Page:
04 Oct Stephen Molton
Stephen Molton brings knowledge, proficiency, and experience in various media to the AATFA. Stephen is a novelist, screenwriter, playwright, painter and former cable television executive who has been active, recognized, and productive since his first novel, Brave Talk, was published by Harper & Row in 1987 and was critically extolled.
His first screenplays were for animated shorts, “JoJo’s Blues” and “Mahatma Gander & the Ganges Gang,” written for PBS’s Children’s Television Workshop and produced by Paul Newman. While working on his second novel, he served as a creative executive at HBO, MTV Networks, and Showtime Networks and in 1994 co-directed and produced “L.A. Homefront; The Fires Within,” a Showtime documentary about the 1992 Los Angeles riots, which aired as part of cable television’s nationwide “Voices Against Violence” initiative.
Since then, he has written two tele-features for Showtime, “SmarTalk” and “The Accident,” and two mini-series, “Live By the Sword” and “Weaveworld,” adaptations of books by Gus Russo and Clive Barker, respectively. In 1998, he wrote “Deep Blue” (aka “Stealth”) for New Line Cinema, based on his first novel. His script “The Road to East Jesus” was selected for the Dreamago international screenwriters’ workshop in Sierre, Switzerland. With his wife, Pamela Galvin, he wrote “Heaven Forbid,” a post-9/11 play for The Victory Project at Columbia University. His book, “Brothers in Arms: The Kennedys, the Castros and the Politics of Murder” (co-authored with Gus Russo) won the New York Book Festival prize for history in 2009, and the publisher, Bloomsbury USA, nominated the book for the Pulitzer Prize.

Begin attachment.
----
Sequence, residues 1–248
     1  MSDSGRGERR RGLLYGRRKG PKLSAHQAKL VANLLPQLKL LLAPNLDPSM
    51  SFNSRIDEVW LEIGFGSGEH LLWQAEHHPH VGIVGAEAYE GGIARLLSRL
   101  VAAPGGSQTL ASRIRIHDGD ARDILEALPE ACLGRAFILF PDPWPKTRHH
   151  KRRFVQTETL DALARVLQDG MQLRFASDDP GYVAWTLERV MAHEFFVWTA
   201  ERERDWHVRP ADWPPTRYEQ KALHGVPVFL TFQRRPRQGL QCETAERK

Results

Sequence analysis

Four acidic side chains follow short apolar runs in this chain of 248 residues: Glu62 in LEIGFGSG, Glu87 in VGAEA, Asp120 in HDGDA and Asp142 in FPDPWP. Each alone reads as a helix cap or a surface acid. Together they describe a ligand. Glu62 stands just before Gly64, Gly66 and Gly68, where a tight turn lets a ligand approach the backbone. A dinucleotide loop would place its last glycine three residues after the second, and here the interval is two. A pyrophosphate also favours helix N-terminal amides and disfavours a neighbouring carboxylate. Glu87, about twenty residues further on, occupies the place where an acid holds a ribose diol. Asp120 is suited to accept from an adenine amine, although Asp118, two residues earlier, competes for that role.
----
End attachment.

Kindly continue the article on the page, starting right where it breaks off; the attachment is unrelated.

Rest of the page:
Most recently, Stephen wrote the screenplay for and was an executive producer of the feature film “The Drowning,” a film by Bette Gordon, starring Julia Chiles and Josh Charles. Two new non-fiction books he has completed are pending publication. Stephen is currently an adjunct assistant professor of screenwriting at Columbia University and an instructor at the Jacob Krueger Studio in New York. He has taught at the Tisch School at New York University, at the TV Writers Studio at Long Island University Brooklyn, and at the Mediterranean Film Institute. His work as writer, filmmaker, and artist are ongoing.